In this video, Lisa and Elizabeth share the language tools to get immediate action and long-term buy in for your ideas.
- When was the last time you felt inspired? And what made you feel that way? It was probably related to an intense level of emotion and there's a science behind that. Neuroscientist Paul Zak researched the physiological impact of emotional stories. He measure the blood of participants before and after he told them either a emotional story or a flat narrative. Both with the aim to get the participants to donate money. Now the flat narrative did not increase oxytocin and participants did not report any empathy for the story's characters.
Those who were subject to the emotive story were willing to give 56% more money to the later revealed, made up causes in the story. He concluded that the emotionally engaging narratives inspire post-narrative action. So what we can learn from Dr. Zak's experiments? If you want people to act, you have to make them feel. Now you can make people fear you. And they'll act in the short term. But as an informal leader, you want to develop a more sustainable approach.
You want people to be inspired to help you, buy into your ideas and work hard for your organization. The more you can help an individual see that picture in their mind, the more emotionally impacted they'll be. So paint mental pictures of your customers, the impact on projects you've done or in some cases, the consequences of not doing whatever you need to do. Include names when you can, details, how the other people feel, and the lasting impact you had on them.
Telling one story about a specific customer can sustain people on their worst days because it allows them to connect the dots from what they're doing to who it's impacting. Now let's say you work in distribution for a plumbing company. Which story sounds more appealing to you? Our customers are depending on us to get these orders out on time. Or I remember hearing about the Jones family in Washington. They had six-week old twins when their basement flooded and the wife, Karen, was really, really nervous about the mold and the moisture in their house.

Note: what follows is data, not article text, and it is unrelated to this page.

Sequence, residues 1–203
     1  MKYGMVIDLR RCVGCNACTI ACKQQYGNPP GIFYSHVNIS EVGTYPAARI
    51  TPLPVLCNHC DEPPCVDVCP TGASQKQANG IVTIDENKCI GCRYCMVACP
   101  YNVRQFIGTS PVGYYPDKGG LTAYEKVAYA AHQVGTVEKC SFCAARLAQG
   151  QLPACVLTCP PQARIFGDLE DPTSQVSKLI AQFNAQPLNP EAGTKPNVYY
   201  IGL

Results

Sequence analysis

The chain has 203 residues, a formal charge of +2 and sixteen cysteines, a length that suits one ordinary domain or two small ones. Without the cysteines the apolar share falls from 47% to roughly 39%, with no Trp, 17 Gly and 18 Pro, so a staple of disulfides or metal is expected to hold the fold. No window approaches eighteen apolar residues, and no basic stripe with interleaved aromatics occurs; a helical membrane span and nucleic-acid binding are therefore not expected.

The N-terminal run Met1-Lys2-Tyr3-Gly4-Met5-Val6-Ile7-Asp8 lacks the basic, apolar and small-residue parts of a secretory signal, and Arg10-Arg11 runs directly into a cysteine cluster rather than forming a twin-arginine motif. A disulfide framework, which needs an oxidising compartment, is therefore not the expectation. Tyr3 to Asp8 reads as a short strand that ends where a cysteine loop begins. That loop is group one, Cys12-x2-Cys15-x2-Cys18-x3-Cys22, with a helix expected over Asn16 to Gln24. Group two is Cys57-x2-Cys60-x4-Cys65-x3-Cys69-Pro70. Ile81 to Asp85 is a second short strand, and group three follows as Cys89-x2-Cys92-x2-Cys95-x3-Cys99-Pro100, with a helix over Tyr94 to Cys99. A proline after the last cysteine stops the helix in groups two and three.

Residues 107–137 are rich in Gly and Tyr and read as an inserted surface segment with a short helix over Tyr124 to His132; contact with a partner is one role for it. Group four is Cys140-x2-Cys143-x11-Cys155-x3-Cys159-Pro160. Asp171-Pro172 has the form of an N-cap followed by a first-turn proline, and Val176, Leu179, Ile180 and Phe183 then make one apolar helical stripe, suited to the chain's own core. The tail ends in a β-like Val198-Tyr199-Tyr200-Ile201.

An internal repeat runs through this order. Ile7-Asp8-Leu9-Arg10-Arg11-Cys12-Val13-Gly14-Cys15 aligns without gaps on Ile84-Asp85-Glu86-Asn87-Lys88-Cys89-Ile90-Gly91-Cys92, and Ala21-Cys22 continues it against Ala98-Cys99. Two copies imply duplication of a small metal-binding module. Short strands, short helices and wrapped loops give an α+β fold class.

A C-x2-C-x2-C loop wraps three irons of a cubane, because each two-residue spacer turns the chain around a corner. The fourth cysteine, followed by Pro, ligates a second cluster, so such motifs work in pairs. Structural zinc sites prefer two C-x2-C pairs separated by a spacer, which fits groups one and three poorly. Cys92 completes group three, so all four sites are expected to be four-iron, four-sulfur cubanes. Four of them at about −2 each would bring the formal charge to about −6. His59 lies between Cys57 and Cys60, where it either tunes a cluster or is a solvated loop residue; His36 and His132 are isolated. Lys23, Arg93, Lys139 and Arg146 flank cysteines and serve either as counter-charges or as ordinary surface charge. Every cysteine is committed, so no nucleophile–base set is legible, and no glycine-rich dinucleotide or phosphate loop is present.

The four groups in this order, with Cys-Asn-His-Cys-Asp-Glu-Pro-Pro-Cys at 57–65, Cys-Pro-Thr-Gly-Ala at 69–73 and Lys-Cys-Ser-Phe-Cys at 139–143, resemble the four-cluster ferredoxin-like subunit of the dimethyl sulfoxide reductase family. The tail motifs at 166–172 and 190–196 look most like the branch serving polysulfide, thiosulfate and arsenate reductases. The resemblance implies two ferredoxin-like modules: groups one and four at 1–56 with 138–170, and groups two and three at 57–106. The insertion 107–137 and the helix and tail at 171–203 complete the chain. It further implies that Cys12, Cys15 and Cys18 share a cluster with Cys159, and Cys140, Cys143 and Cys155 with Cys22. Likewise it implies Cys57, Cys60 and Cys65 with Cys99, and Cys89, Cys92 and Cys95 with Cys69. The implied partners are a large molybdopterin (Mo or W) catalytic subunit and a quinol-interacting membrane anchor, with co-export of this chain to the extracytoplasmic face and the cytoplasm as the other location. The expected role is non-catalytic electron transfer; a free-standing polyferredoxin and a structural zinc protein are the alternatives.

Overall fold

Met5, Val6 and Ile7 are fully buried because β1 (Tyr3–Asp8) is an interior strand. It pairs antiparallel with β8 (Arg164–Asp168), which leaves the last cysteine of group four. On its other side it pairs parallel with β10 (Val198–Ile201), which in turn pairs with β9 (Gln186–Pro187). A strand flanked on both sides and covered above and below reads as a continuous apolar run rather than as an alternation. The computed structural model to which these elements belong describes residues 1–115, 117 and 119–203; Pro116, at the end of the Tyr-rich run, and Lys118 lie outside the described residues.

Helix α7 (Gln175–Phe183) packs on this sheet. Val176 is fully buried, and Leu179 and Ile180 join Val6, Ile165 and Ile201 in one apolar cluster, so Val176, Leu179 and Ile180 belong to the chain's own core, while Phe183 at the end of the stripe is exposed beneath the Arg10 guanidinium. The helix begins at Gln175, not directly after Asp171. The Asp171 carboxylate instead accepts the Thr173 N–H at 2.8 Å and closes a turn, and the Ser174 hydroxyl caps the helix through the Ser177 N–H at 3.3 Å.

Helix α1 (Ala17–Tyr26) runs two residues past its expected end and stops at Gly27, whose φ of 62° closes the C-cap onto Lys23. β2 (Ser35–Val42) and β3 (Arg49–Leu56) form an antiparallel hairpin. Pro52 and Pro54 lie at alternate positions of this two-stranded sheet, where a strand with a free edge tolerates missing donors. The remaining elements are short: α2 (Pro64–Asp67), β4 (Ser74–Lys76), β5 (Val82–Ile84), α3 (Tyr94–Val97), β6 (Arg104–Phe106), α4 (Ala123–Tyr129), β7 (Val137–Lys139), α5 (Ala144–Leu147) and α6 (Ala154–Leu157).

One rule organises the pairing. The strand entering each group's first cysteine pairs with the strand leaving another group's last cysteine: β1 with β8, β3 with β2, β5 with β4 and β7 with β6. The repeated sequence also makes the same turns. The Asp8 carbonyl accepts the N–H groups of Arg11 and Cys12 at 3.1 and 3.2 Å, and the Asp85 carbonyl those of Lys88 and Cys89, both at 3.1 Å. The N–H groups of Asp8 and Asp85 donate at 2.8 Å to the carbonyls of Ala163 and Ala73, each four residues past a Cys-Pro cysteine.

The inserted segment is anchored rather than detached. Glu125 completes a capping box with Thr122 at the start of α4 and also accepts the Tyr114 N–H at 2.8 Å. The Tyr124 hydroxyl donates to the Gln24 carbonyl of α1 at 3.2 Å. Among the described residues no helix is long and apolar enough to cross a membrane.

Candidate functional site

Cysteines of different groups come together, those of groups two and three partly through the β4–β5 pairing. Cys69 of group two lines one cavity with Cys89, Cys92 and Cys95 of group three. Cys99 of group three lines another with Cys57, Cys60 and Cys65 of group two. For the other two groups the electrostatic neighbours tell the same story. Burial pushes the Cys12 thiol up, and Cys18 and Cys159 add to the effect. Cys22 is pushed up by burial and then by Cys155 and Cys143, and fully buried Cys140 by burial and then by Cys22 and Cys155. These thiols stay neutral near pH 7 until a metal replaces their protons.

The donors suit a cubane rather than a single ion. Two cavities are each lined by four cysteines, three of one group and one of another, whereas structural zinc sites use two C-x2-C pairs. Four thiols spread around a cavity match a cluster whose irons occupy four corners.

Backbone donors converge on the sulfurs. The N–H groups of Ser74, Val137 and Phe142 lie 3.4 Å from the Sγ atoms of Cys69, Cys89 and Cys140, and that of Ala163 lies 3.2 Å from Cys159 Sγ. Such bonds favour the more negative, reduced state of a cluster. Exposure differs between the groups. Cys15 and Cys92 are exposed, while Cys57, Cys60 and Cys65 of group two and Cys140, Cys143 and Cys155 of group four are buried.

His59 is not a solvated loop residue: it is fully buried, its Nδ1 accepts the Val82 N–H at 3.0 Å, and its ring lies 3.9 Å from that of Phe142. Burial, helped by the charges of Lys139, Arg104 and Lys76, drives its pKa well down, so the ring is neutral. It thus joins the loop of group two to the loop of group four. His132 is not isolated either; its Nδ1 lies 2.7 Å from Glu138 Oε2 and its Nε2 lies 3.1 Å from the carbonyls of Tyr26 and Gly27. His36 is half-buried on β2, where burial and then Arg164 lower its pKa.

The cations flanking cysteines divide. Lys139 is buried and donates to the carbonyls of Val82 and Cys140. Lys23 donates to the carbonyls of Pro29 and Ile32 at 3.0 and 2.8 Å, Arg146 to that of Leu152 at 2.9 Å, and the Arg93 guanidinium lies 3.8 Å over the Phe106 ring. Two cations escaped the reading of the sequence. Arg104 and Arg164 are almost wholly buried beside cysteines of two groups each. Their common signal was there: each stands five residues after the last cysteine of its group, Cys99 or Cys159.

And they were living in her mom's basement waiting for their house to be fixed. With both babies and all their stuff in this cramped little room, it put a lot of stress on their new family but because we got those parts there on time, they were able to get back in their house in just two weeks. And they were confident that home was safe for their children. Now there are thousands of families just like the Jones' who are depending on us to get these materials out on time.
Who do you want to work with? Now you don't need to lie or overly exaggerate. Just authentically bring that emotion to the front and center of your organization. You'll help others feel inspired and you'll probably feel more inspired yourself. People are looking for that meaning and inspiration. And they gravitate to those who provide it.
- Listening mindfully
- Being a mentor
- Inspiring others
- Asking for and giving feedback
- Leading in high-stakes situations
- Learning continuously
- Building trust